Macau has a rich heritage from both its Chinese and Portuguese past that includes many outstanding examples of western and oriental art and culture. Here you will find Chinese temples, catholic churches; ancient forts and other historical relics within a modern environment that bear testimony to a cultural blend of east and west.
Macau comprises the Macau Peninsula and the outlying islands of Taipa and Coloane. Popular sightseeing places that form part of a visitor’s itinerary are spread all over the Peninsula.
This splendid square, Largo do Senado, with its wave-patterned pavement and central fountain is a highlight of the area. The surrounding simple, elegant Portuguese and baroque style buildings house many international branded clothes shops and restaurants. An exploration of the narrow alleyways that radiate from the square will open up to the visitor yet more fantastic places including curio markets, pharmacies, snack stalls and jewelry shops selling dazzling items.
The Monte Fort, one of the best-preserved forts in Macau can be seen from the main square and the Ruins of St. Paul’s, standing close to the Fort, is a local landmark. A walk northward along St. Paul’s Street leads to the façade of St. Paul’s Church, which was devastated by fire in 1835, with its elegant reliefs that illustrate Bible stories. An
underground tomb behind the ruins houses the remains of Catholic martyrs. The Museum of Macau, to the right of the ruins, should not be missed as it has an excellent exhibition of items telling much of the history of the city.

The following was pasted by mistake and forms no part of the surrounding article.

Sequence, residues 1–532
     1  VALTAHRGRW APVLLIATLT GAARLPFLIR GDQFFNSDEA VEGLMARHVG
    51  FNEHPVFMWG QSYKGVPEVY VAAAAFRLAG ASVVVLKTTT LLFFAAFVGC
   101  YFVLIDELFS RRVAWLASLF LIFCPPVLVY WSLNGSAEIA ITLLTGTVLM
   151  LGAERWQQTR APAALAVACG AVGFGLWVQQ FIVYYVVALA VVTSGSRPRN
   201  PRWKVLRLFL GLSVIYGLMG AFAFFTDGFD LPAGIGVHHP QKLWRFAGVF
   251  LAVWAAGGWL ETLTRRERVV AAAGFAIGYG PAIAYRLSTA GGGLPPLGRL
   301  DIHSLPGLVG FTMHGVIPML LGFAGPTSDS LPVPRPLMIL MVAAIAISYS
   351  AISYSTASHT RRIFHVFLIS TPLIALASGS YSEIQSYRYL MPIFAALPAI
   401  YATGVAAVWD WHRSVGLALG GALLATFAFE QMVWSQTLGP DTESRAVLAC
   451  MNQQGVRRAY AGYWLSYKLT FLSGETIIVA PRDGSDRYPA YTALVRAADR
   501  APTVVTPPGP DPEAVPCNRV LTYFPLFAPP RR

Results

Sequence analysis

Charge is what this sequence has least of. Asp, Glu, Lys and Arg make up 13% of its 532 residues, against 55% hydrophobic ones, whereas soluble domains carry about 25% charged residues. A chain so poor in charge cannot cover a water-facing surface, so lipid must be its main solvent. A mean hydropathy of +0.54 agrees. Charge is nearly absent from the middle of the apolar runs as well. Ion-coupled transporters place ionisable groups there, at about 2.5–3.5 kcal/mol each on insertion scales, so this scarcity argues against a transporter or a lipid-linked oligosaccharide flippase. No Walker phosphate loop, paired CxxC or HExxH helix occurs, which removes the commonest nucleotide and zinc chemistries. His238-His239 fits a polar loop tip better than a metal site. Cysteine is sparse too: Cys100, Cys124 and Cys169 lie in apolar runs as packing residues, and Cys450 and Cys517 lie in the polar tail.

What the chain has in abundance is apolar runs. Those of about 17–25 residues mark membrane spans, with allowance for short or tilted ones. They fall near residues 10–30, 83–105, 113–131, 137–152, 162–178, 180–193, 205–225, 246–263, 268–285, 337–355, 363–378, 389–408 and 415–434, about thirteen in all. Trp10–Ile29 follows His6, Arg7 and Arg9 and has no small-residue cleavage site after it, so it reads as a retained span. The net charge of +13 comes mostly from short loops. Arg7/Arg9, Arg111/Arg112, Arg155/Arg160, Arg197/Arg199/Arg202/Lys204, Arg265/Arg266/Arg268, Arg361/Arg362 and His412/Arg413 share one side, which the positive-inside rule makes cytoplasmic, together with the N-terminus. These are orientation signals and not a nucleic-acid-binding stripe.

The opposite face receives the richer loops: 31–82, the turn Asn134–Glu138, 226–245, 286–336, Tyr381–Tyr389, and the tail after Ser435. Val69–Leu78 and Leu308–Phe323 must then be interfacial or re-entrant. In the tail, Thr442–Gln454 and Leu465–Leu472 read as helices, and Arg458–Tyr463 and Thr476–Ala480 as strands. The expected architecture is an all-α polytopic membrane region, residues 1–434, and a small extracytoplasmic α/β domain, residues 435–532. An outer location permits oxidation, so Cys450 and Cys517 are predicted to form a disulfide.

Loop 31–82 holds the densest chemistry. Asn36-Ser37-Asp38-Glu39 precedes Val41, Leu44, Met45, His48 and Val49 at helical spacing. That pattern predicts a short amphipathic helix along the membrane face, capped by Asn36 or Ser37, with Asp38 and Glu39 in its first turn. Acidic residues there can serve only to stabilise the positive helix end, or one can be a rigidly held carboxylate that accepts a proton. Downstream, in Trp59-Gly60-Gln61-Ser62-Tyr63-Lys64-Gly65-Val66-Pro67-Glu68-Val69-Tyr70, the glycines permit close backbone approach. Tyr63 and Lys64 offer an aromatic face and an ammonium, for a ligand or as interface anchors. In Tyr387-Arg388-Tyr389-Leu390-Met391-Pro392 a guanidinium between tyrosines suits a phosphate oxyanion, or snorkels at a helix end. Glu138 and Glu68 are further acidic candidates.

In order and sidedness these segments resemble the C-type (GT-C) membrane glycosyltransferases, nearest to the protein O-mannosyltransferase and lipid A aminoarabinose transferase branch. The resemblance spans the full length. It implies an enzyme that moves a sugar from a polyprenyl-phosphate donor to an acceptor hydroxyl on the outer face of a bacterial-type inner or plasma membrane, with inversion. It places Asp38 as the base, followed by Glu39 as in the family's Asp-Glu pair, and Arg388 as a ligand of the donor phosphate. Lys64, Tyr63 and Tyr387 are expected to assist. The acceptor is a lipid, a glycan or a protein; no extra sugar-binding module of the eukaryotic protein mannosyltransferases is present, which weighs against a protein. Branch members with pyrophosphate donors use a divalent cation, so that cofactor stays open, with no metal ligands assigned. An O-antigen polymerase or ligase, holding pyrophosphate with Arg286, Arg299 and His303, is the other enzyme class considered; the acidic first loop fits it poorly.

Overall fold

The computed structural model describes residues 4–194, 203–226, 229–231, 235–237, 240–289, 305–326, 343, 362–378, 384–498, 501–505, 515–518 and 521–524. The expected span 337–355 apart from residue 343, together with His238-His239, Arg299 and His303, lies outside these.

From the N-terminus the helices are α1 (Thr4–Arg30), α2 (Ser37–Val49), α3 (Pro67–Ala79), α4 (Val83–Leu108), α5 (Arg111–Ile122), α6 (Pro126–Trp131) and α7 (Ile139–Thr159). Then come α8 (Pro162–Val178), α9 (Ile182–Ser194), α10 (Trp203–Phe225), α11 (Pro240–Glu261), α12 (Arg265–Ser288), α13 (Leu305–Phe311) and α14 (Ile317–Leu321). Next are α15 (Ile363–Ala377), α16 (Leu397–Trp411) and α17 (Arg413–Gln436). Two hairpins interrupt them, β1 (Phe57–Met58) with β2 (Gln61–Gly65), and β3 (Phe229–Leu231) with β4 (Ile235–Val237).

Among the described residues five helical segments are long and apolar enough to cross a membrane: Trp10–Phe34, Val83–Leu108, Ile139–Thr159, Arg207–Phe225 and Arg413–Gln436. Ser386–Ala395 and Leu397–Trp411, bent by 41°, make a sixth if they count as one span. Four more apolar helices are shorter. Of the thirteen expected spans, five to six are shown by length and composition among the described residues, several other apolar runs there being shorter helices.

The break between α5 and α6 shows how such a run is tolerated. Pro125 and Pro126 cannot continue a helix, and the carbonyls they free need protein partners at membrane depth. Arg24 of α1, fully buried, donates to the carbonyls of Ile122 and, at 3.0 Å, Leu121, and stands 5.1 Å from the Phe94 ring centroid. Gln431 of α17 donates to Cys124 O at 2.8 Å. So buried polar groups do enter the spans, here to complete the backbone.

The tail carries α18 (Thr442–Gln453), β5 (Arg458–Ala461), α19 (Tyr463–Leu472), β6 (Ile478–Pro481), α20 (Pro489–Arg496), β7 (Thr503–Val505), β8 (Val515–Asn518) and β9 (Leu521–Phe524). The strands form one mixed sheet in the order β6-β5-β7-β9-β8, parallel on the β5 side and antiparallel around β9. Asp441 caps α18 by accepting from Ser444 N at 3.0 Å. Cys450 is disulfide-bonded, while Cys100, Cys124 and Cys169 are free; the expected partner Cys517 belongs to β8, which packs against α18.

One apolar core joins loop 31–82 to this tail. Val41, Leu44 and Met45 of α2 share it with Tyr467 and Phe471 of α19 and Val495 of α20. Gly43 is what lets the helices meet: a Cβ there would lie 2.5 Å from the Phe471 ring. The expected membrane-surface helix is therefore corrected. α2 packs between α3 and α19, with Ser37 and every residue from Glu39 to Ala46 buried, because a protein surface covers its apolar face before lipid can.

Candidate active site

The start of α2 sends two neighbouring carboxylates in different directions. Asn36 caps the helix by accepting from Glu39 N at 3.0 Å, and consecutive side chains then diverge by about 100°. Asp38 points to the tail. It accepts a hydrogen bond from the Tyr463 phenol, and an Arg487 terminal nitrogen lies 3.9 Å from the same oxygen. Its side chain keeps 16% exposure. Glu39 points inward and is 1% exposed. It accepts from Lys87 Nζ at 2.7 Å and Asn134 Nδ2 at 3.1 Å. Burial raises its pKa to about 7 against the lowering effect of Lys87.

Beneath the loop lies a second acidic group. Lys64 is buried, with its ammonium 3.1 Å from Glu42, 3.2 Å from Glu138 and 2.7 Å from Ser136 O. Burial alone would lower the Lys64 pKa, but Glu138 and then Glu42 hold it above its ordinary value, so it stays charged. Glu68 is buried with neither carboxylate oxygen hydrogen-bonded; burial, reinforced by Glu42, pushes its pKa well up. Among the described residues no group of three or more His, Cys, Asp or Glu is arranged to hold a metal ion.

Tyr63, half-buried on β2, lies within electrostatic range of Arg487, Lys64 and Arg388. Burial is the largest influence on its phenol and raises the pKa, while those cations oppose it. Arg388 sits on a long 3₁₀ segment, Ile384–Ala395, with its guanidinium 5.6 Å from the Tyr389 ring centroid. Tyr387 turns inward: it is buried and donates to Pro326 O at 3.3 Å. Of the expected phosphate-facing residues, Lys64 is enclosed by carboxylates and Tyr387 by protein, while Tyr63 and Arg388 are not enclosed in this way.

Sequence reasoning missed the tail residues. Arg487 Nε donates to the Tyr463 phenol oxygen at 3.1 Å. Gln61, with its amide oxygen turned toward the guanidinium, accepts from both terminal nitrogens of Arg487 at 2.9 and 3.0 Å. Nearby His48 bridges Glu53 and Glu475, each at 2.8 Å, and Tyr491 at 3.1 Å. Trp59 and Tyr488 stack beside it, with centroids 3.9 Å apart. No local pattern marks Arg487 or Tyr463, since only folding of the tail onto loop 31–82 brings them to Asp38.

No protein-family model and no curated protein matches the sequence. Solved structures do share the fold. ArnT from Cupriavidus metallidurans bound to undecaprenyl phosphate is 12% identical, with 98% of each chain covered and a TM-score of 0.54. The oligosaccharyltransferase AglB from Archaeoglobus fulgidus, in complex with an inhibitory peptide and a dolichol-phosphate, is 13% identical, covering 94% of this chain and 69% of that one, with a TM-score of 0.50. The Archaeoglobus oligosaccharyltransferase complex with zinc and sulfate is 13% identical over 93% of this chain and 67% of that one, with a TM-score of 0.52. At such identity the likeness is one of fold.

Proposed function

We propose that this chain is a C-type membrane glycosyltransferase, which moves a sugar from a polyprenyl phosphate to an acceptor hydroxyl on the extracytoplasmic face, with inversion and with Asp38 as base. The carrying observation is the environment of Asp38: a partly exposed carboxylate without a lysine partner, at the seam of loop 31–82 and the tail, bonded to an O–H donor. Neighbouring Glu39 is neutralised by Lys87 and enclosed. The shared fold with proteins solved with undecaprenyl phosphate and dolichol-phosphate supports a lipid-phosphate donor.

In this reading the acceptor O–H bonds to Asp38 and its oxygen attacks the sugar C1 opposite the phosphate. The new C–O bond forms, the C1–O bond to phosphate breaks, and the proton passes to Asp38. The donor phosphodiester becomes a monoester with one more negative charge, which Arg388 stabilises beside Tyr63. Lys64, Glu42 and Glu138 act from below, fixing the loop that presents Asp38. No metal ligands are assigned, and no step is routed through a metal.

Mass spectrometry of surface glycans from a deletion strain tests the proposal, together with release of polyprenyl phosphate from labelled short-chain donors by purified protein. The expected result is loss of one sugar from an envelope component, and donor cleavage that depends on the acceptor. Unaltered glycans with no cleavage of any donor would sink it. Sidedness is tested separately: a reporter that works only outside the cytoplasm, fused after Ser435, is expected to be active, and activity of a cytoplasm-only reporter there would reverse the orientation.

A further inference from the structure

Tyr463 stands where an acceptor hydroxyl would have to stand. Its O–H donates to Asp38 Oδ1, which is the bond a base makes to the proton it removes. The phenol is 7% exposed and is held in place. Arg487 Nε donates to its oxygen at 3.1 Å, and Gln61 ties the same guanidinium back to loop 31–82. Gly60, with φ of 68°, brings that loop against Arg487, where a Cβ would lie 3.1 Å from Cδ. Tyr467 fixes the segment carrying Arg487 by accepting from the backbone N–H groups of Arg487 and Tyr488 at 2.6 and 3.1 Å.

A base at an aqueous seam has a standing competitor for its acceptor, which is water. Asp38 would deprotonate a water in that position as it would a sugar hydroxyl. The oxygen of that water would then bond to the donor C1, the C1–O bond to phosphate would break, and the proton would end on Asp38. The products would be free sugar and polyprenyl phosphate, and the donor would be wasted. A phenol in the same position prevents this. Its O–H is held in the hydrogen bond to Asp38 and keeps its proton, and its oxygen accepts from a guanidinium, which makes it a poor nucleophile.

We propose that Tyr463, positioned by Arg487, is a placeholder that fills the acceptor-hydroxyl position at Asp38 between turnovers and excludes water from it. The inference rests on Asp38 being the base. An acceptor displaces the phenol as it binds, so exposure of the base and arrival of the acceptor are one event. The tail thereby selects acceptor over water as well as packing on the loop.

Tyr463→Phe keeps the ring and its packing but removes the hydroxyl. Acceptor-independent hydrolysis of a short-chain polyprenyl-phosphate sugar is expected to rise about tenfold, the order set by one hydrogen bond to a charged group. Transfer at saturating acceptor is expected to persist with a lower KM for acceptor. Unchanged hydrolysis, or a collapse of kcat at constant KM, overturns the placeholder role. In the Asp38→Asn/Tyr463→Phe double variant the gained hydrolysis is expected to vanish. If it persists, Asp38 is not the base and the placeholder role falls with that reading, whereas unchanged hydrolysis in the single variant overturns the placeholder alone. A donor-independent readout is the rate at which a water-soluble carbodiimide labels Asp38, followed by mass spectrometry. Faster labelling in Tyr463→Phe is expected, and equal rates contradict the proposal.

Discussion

The 400-year colonial rule by the Portuguese has left Macau many baroque Roman Catholic churches dating from 18th century while the dominant Chinese population has brought traditional Chinese culture with its unique temple architectures. Both can be found in the western area between the Inner Harbor and Nam Van Lakes in the city.
Starting from Largo do Senado, the heart of downtown, and a walk in a southwesterly direction along the main street brings you to several Catholic churches. Notable among them is St Augustine’s, St. Lawrence’s, the Chapel of St. Joseph’s Seminary and the Headquarters of the Macau SAR. These show much of the Catholic influence on the city. Some churches open to the public.
Situated at the base of Penha Peninsula is A-Ma Temple, built in the Ming Dynasty (1368-1644). The temple is dedicated to the sacred goddess A-Ma, which later was transliterated into ‘Macau’ by the Portuguese and so became the Portuguese name for Macau. Today this old-time temple is a symbol of the city and devout worshipers visit the temple to pray for good luck. Cross the A-Ma Street, you will reach the Maritime Museum in a building shaped like a boat, where you can learn more about the early days when Portuguese first time set foot here.